In Antonyuk v. James, one set of challengers, led by New York resident and concealed-carry permitholder Ivan Antonyuk, asks the justices to grant review and reverse the 2nd Circuit’s ruling in the ongoing litigation. They argue that the proper time period for Bruen’s “history and tradition test” is the late 18th century — when the Second Amendment was ratified — rather than the late 19th century — when the 14th Amendment was ratified after the Civil War, thus extending protections on the right to bear arms against instrusion by the states. This question is “outcome-determinative,” the challengers contend, because if it had looked only to the late 18th century, the 2nd Circuit “would have been forced to admit that no historical tradition exists” for the CCIA.

A list of this week’s featured petitions is below:

Allstates Refractory Contractors, LLC v. Su
Issue: Whether Congress’s delegation of authority to the Occupational Safety and Health Administration to write “reasonably necessary or appropriate” workplace-safety standards violates Article I of the U.S. Constitution.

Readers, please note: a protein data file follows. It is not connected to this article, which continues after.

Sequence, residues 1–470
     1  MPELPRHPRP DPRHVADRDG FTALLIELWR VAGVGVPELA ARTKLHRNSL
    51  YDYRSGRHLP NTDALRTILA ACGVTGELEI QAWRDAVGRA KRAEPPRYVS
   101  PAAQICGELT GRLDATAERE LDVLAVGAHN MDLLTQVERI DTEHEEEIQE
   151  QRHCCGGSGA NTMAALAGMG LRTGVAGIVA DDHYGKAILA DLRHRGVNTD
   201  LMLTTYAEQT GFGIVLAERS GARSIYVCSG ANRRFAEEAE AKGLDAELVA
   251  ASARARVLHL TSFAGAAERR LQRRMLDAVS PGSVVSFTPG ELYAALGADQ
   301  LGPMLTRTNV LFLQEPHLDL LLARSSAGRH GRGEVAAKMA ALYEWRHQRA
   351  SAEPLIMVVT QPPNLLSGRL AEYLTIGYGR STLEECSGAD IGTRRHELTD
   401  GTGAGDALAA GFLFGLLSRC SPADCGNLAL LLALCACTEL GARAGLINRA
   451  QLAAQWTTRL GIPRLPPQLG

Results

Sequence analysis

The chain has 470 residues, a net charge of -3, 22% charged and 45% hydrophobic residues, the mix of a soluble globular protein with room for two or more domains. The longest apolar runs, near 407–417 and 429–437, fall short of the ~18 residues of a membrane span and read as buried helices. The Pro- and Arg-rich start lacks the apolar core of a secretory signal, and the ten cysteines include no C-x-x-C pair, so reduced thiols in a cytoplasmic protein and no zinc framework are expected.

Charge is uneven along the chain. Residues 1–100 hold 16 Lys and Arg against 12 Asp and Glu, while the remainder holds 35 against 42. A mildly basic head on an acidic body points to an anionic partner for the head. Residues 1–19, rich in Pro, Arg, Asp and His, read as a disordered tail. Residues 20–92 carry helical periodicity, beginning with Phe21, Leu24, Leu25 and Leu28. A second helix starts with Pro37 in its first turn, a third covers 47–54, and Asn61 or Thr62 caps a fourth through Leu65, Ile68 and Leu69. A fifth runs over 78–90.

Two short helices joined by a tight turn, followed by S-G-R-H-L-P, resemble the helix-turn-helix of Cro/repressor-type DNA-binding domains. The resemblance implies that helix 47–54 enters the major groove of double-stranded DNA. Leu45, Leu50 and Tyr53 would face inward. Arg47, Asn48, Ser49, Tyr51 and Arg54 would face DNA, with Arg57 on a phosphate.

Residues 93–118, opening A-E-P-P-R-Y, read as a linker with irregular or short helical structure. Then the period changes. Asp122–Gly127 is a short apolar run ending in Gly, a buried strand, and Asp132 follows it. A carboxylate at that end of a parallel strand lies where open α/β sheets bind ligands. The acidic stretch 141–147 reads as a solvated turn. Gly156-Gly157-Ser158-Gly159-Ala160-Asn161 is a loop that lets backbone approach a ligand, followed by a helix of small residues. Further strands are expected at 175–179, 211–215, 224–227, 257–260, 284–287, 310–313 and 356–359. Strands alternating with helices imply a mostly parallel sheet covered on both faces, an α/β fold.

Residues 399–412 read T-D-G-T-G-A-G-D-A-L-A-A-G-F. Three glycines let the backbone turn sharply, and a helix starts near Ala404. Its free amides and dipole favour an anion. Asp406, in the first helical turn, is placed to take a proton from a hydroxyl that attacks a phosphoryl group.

Antonyuk v. James
Issues: (1) Whether the proper historical time period for ascertaining the Second Amendment’s original meaning is 1791, rather than 1868; and (2) whether New York’s Concealed Carry Improvement Act permissibly requires “the people” to convince government officials of their “good moral character” before exercising their Second Amendment right to bear arms in public.

Sunoco LP v. City and County of Honolulu, Hawaii
Issue: Whether federal law precludes state-law claims seeking redress for injuries allegedly caused by the effects of interstate and international greenhouse-gas emissions on the global climate.

Shell PLC v. City and County of Honolulu, Hawaii
Issues: (1) Whether claims seeking damages for the effects of interstate and international emissions on the global climate are beyond the limits of state law and thus preempted under the federal Constitution; and (2) whether the Clean Air Act preempts state-law claims predicated on damaging interstate emissions.

Recommended Citation: Kalvis Golde, New York’s updated concealed-carry law returns to the court, SCOTUSblog (Jun. 4, 2024, 8:22 PM),